Glitches draw interactive artists

By Senah Yeboah-Sampong

Glitches, whether in video games or a computer application, are often thought of as the pests of technology.  However, a group of artists have found a creative way to use them in  their work.

“Datamoshing,” the use of glitches to create digital video, was one topic discussed at a Nov. 7 lecture on “glitch art” hosted by the Interactive Arts & Media Department. The lecture was given by  Nick Briz and Jon Satrom, instructors at the School of the Art Institute of Chicago who cofounded the Conference alongside Dutch artists and theorist Rosa Menkman and others. The duo is organizing 2012, a free event, which will take place Dec. 6–9 at Tritriangle, 1550 N. Milwaukee Ave., and High Concept Labs, 1401 W. Wabansia Ave.

“[Glitch art] has been around a while,” Briz said. “But only more recently, in the last decade or so, many digital artists [gathered] together and started calling it ‘glitch art.’ Once it had a name, it made it easier for people to find each other.”

The first Conference in 2010 united glitch artists, who use open online threads called “working groups” to build communal projects and pedagogy.

“We talk about it as a community, and sometimes that can be misunderstood,” Satrom said. “But it’s [an all-inclusive] community coming from an online culture.”

Glitch art is created when information technologies—operating systems, applications and interfaces—are pushed past intended limits, Satrom said. The glitch itself is a break from a flow, concept or system, and creating and documenting those moments are central to the form. He said the process is scary because the outcome is never certain.

“These assumptions that we notice after something glitches are presets, defaults and standards that go into these complex systems and boxes,” Satrom said. “I like to instigate those reactions.”

Satrom has used his work in musical performances. He utilized percussion by inserting a drum machine disguised as a loading prompt into his performance piece, called “Prepared Desktop.”

Briz created an application called Coldplay Song Generator, which recreates new music using Coldplay’s track “Clocks.”

“We’re starting to re-examine our relationship to culture in our own creative works and what originality means,” Briz said.

He said that he sees glitch art as an avenue for open dialogue on issues involving modern technology because it uses techniques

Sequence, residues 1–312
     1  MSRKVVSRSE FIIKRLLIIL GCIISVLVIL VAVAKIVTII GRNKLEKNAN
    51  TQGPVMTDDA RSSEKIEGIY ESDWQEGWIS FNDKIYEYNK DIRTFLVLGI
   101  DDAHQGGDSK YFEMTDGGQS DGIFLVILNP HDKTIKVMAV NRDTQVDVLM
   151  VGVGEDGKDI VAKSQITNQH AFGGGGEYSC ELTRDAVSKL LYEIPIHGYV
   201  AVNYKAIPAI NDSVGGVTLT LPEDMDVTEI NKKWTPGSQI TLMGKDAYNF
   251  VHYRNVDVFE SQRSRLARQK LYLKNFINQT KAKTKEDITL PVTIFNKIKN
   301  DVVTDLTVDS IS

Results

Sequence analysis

such as databending, sonification and datamoshing. These techniques give glitch art respective visual, musical, cinematic and interactive elements, he said.

Glitch artists manipulate digital media via modified coding, file extensions and commands. The effects of databending are unpredictable, Briz said. Files that are bent too far are corrupted or “broken,” Satrom said.

“I’m not trying to thwart the program,” said Rory McSweeney, a junior interactive arts & media major whose piece “Banner Glitch No. 3” is in the 20th Annual Hokin Honors Exhibition. “I’m trying to exploit what’s wrong with it.”

McSweeney said he has learned that every element of his process influences the outcomes of the work. Running a file through different programs exaggerates different glitches, which he compared to cooking and said extremely distorting the image is called “over-cooking.” The first step in databending is performed by opening an image file through an HTML editor in ASCI code—what the computer reads—and  then altering that code.

Opening a corrupted image file in Photoshop allows the artist to add layers and effects to specific regions of the image. The code can be altered again, then opened in another image editing suite, McSweeny said. Saving them as different file-types also influences the type and degree of “glitching,” McSweeney said. A firm knowledge of the systems he works with allows him to act with foresight.

“You can’t take it too hard when you don’t know what’s going to happen,” McSweeney said. “As with anything—whether it’s an ideological convention or a piece of software—you have to know how it works before you break it.”